“Ever want to know the vibe of a conversation before you join in? We’re testing prompts on Android and iOS that give you a heads up if the convo you’re about to enter could get heated or intense,” Twitter revealed on Wednesday, explaining that the new feature was an attempt to “better support healthy conversation.”
The warnings are seemingly set to display if the site’s algorithms decide that a post appears controversial — and Twitter said that it “may consider the Tweet topic and the relationship between the Tweet author and replier” when deciding how to trigger its notices.
If Twitter does deem a post to be sufficiently controversial, it will advise, “Heads up: Conversations like this can be intense.” The new warnings will also encourage users to “look out for each other” and “remember the human” behind each post, reminding those who feel strongly about a topic that “diverse perspectives have value.”
Twitter is notorious for overly-heated discussions on controversial topics and while some users applauded the site’s initiative, others questioned how useful such a feature could be when nearly every conversation has the potential to turn fiery.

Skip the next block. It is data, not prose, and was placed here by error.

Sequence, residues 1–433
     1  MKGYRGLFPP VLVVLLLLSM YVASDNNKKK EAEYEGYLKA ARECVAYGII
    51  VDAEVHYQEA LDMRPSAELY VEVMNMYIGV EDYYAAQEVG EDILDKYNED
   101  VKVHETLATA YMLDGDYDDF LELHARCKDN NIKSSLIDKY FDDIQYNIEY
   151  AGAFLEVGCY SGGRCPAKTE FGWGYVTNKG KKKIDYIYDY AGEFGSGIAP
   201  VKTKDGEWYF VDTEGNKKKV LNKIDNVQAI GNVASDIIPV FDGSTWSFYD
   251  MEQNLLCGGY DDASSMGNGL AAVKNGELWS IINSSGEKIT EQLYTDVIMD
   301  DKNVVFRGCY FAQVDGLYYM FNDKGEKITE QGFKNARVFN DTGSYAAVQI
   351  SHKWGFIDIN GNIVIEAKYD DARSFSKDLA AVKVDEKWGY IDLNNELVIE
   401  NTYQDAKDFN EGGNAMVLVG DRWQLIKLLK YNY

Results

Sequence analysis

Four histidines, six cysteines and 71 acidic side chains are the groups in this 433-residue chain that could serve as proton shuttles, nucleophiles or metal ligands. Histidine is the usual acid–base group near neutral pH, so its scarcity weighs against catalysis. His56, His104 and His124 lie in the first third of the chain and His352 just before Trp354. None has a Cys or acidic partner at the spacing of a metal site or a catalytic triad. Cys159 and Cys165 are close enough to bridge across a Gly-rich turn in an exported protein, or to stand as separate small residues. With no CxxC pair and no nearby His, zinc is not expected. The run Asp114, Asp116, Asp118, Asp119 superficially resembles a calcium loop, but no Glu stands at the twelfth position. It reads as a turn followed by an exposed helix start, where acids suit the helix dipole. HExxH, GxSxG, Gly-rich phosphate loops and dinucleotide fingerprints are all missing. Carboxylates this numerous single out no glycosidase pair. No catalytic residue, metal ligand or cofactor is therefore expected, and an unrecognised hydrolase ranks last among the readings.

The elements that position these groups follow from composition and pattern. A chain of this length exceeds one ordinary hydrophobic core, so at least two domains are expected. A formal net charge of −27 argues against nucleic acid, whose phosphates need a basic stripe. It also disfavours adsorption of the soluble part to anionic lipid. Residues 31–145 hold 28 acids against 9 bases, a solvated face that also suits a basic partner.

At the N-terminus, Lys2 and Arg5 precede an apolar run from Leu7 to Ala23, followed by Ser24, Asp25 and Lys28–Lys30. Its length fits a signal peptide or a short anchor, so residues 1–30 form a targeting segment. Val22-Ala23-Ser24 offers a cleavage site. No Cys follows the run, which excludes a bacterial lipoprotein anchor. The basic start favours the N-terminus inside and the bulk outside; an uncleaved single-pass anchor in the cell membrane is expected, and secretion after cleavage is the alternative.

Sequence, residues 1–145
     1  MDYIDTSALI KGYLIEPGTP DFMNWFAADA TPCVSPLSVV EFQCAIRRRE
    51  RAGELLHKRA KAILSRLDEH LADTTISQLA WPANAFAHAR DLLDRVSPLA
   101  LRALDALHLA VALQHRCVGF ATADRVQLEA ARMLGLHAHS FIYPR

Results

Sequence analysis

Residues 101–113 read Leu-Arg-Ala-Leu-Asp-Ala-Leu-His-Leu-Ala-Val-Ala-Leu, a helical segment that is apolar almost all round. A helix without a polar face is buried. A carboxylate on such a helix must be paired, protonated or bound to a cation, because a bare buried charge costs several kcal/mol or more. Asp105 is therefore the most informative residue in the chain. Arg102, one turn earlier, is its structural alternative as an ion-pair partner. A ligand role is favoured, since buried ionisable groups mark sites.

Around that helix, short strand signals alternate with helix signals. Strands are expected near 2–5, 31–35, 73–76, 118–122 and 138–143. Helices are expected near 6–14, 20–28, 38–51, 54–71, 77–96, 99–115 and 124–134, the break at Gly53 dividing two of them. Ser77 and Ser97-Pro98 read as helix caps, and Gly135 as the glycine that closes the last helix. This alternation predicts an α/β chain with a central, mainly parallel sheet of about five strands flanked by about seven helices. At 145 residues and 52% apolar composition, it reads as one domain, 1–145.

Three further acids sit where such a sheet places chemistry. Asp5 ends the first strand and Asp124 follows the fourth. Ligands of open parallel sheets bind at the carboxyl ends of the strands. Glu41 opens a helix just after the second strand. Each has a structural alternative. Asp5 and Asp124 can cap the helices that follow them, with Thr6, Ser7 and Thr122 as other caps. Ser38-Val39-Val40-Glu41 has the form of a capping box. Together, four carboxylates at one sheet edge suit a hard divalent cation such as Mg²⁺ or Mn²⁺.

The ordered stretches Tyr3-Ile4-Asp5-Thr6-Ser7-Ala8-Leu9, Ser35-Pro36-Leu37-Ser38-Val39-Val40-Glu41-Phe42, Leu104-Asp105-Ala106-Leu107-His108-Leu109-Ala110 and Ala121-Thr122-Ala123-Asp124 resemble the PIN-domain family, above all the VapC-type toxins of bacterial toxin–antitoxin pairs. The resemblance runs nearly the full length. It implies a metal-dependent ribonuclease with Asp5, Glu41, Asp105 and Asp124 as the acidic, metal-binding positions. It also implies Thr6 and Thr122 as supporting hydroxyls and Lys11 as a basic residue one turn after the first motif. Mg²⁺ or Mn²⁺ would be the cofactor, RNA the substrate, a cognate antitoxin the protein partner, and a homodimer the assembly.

The point was demonstrated by one user who noted that on the internet even a simple post about corn dogs could get intense, to which another user jokingly replied: “Corn dogs suck.”
“Thanks we hate it,” reacted another user, while another person commented, “I like twitter’s flimsy attempts to pretend the site’s purpose isn’t just to yell at people.”
Others expressed skepticism over whether Twitter would be “capable of assessing the vibe of a conversation,” and argued that if the poster wanted to “know the vibe of a conversation before joining in,” they could just read the conversation so far.
In a follow-up tweet, Twitter admitted that the feature was still in early testing and “we may not get it right every time.”
Twitter has apparently already begun testing the feature, as some users noticed it in action on Thursday, attached to a tweet about Texas’ controversial new abortion law.
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